News item - Ancient Egyptian pyramid rediscovered
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Note that the period of time being discussed is before the supposed
"worldwide" flood of Noah (about 4,300 years ago). The fact that
Egyptian culture existed before and after the timeframe given for
Noah's Flood in the Bible has long been a critical flaw in young earth
creationism, in regard to the literal interpretation of the Genesis
story of the flood in connection with the literal interpretation of
the Genesis creation story (related to the timeframe given by the
genealogies of Genesis chapters 5 and 11). In other words, as observed
through Egyptian archaeology, there was never any worldwide flood
wiping humans off the face of the planet. The Bible story is a
- Todd Greene
"Lost" Pyramid Found Buried in Egypt
by Andrew Bossone
(National Geographic News, 6/5/2008)
The pyramid of an ancient Egyptian pharaoh has been rediscovered after
being buried for generations, archaeologists announced today.
The pyramid is thought to house the tomb of King Menkauhor, who is
believed to have ruled in Egypt's 5th dynasty for eight years in the
Long since reduced to its foundations, the structure was previously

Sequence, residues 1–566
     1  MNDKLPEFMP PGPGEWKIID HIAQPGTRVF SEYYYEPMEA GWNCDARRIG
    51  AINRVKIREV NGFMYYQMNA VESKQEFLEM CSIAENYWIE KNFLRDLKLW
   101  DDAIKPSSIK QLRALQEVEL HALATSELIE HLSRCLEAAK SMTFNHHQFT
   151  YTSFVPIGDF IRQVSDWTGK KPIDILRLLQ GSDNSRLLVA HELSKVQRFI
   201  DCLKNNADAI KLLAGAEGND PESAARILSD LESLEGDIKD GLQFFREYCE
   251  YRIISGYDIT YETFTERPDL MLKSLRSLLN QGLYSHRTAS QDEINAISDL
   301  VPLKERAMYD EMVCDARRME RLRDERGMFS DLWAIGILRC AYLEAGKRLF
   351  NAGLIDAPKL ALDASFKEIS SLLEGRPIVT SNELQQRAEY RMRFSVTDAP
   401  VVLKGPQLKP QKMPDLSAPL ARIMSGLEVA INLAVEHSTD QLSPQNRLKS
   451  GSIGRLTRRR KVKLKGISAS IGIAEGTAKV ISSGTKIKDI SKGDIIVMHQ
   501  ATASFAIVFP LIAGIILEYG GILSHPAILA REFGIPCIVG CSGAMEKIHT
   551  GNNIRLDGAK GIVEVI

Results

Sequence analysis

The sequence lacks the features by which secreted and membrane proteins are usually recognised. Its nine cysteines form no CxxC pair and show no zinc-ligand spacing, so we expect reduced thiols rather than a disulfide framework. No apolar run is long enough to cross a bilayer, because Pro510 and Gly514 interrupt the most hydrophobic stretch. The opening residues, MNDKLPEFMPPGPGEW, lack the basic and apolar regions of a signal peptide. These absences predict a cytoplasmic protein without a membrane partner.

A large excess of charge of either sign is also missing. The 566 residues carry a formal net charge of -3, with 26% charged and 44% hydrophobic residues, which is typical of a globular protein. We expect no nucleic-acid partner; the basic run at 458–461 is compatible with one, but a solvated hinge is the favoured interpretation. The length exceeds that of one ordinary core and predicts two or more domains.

known as Number 29 or the "Headless Pyramid." It was mentioned in the
mid-19th century by German archaeologist Karl Richard Lepsius.
Then it disappeared in the sands of Saqqara, a sprawling royal burial
complex near current-day Cairo.
It took Egyptian archaeologists about a year and a half just to remove
all the sand above the pyramid.
"After Lepsius the location of the pyramid was lost and the
substructure of [the] pyramid never known," said Zahi Hawass,
secretary general of Egypt's Supreme Council of Antiquities.
"It was forgotten by people until we began to search this area and a
hill of sand, maybe 25 feet [7.6 meters] high."
Old Kingdom Clues
Nothing on the pyramid specifically names its owner, and the majority
of the structure has been destroyed, so Egyptian archaeologists had to
put several clues together to identify it.
Past archaeologists have disputed the date of the pyramid, usually
putting it in either the Old Kingdom, between 2575 and 2150 B.C., or
the Middle Kingdom, between 1975 and 1640 B.C.
But the recent research determined that the pyramid lacked the winding
mazes typical of a Middle Kingdom temple.
Instead, the lack of artwork and inscriptions, as well as the
structure's red granite blocks, were typical of Old Kingdom pyramids,
according to Hawass.
The burial chamber also contained the lid of a sarcophagus made of
gray schist, a type of rock often used in the Old Kingdom.
What's more, the newfound pyramid resembles the pyramid next to it,
which belongs to the first pharaoh of the 6th dynasty, Teti, who ruled
from 2345 to 2181 B.C. That suggested the lost pyramid could also come
from the 5th dynasty.
The neighboring pyramid also pointed to the owner of the pyramid as
Menkauhor, since he was without a discovered burial tomb.
"There were missing pyramids of the kings, and this is one of them,"
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